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The Spine: Part 1

Updated: Feb 9, 2021

Your spinal column, also known as your vertebral column, is a critical part of your anatomy. It not only houses and protects your spinal cord itself, it also provides the necessary support for the structure of your torso and pelvis as well as attachments for muscles and tendons.

In anatomy, the vertebral column is broken down into sections for reference: cervical, thoracic, lumbar, sacrum, and coccyx. Each section consists of a specific number of vertebra. The cervical part of the spine, or the neck, has 7 vertebrae. The thoracic region contains 12 vertebrae, and the lumbar has 5 vertebrae. The 5 vertebrae of the sacrum and 4 coccyx vertebrae are fused. Altogether there are 33 vertebrae in a healthy spine, but only 24 are mobile. Each vertebra is cushioned between with tissue called a disc. Discs act as shock absorbers and prevent the vertebrae from hitting one another. The spine has 3 natural curves, which when viewed from the side look like a lazy "S".

Let's look at the cervical spine. If we start at the top, the first cervical, or neck, vertebra is referred to as the atlas, or C1 (C for cervical). C1 holds the globe of the skull. C2, the next vertebra down, is known as the axis. C1 and C2 vertebrae allow for nodding and pivoting of the head as well as protection of the brain stem.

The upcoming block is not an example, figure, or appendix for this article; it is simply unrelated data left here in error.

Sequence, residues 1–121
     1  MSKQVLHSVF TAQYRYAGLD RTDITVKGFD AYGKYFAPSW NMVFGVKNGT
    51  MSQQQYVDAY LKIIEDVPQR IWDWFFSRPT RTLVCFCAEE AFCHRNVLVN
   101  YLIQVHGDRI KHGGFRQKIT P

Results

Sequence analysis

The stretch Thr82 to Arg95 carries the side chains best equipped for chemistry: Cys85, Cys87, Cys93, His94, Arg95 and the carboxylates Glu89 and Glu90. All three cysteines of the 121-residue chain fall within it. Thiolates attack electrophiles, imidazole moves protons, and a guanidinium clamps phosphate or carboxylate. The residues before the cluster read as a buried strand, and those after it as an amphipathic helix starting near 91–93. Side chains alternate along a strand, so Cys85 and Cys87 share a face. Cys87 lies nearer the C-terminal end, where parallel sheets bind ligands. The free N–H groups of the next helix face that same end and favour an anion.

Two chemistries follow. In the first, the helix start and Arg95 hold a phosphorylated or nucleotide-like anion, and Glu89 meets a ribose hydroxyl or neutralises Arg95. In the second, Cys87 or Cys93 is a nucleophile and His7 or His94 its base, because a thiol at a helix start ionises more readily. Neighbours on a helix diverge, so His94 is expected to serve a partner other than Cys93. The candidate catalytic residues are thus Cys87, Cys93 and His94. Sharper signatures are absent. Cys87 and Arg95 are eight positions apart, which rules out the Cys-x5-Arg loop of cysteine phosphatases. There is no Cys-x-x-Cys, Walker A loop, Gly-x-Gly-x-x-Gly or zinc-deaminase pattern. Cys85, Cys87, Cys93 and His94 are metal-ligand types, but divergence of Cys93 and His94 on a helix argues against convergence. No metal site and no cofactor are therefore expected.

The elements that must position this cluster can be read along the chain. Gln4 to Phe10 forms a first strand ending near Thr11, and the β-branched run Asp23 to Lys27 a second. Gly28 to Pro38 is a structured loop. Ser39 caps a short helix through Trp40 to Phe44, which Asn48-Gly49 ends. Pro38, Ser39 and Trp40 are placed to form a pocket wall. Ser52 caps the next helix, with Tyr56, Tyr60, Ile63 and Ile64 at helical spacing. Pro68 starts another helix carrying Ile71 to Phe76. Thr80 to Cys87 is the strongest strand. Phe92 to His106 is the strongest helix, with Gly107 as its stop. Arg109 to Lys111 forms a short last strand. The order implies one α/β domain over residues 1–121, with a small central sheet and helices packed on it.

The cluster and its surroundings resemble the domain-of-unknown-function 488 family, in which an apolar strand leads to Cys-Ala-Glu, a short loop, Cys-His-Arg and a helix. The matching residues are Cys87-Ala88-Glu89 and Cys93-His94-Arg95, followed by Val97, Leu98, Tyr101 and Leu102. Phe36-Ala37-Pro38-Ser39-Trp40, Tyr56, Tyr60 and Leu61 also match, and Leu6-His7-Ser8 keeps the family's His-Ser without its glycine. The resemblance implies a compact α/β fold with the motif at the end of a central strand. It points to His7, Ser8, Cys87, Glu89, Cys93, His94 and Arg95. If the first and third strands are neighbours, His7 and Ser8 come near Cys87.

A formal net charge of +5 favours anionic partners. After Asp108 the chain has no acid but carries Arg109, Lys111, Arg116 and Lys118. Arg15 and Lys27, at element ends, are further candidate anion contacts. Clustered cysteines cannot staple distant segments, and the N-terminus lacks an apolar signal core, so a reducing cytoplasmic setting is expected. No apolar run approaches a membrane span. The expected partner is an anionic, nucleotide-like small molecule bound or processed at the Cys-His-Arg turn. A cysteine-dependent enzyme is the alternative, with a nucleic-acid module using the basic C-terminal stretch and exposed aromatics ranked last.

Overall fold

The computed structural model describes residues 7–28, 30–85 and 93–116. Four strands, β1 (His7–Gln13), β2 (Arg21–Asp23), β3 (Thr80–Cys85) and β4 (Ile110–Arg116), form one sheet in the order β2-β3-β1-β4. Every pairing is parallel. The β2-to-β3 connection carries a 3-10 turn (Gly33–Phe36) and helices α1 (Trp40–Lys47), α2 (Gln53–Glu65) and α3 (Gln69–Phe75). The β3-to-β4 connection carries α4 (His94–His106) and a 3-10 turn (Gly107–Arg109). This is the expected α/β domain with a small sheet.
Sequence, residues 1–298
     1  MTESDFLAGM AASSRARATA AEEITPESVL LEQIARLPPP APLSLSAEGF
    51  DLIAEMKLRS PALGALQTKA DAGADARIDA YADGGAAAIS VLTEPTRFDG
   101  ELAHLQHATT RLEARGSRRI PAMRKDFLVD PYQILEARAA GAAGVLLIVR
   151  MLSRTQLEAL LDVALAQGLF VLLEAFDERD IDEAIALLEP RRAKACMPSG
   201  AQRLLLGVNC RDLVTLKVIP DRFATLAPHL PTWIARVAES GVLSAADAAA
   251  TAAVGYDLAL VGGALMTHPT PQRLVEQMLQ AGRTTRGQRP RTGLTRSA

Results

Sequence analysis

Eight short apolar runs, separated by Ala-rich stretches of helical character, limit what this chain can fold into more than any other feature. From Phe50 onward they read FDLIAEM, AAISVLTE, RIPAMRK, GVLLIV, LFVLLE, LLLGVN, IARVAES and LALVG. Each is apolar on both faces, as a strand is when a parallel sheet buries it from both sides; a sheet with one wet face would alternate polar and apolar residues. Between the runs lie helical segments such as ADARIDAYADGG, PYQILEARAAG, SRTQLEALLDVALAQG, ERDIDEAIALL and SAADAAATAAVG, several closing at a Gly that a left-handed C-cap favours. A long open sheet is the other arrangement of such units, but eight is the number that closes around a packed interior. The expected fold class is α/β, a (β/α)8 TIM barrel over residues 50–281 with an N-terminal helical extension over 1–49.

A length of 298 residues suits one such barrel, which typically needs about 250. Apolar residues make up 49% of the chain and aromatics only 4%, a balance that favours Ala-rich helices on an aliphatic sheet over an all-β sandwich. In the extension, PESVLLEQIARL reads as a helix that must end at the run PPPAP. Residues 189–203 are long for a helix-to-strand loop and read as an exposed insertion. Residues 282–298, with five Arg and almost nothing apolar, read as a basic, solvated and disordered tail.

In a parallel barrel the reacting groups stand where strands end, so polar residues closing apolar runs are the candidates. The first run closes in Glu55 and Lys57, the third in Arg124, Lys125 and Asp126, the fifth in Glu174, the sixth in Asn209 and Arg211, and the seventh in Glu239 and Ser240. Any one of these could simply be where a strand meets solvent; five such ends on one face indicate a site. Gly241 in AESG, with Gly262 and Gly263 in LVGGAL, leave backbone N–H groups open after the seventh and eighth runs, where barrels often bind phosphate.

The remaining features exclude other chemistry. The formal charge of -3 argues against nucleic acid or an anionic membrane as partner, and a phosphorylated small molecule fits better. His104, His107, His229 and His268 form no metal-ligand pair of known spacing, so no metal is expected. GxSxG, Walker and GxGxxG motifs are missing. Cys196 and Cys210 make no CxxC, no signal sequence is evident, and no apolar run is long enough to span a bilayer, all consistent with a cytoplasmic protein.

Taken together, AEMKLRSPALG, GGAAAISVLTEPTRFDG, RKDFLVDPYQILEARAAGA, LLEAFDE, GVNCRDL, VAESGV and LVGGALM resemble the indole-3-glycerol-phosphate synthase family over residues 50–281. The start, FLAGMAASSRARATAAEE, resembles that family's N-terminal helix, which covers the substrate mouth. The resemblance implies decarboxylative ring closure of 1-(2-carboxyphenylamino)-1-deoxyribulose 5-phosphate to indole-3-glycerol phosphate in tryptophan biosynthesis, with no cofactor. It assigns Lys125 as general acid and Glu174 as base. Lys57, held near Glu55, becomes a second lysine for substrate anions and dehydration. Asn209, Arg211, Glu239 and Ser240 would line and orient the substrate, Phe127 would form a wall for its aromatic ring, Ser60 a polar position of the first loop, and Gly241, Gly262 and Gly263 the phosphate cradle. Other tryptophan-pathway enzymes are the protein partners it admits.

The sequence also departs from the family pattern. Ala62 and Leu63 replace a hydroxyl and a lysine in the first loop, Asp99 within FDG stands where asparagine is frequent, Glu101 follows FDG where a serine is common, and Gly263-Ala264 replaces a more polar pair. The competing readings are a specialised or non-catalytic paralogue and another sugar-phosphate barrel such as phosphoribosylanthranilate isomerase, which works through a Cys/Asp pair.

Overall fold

Many nerves branch from the spinal cord. The nerves branching in the cervical area are responsible for face, head, and neck movement and sensation, as well as the shoulders, arms, and the upper part of the chest. The brain stem at the base of the skull is responsible for controlling breathing and heartbeat.

Problems with cervical vertebral misalignment can cause problems like headaches, weakness in the arms and hands, tingling, and numbness, just to name a few. If you are experiencing any of these symptoms, your chiropractor can perform an x-ray of your cervical spine area to locate problem areas. Talk to your chiropractor today about steps you can take to prevent future problems with your cervical spine. Be sure to check back next month for The Spine: Part Two!

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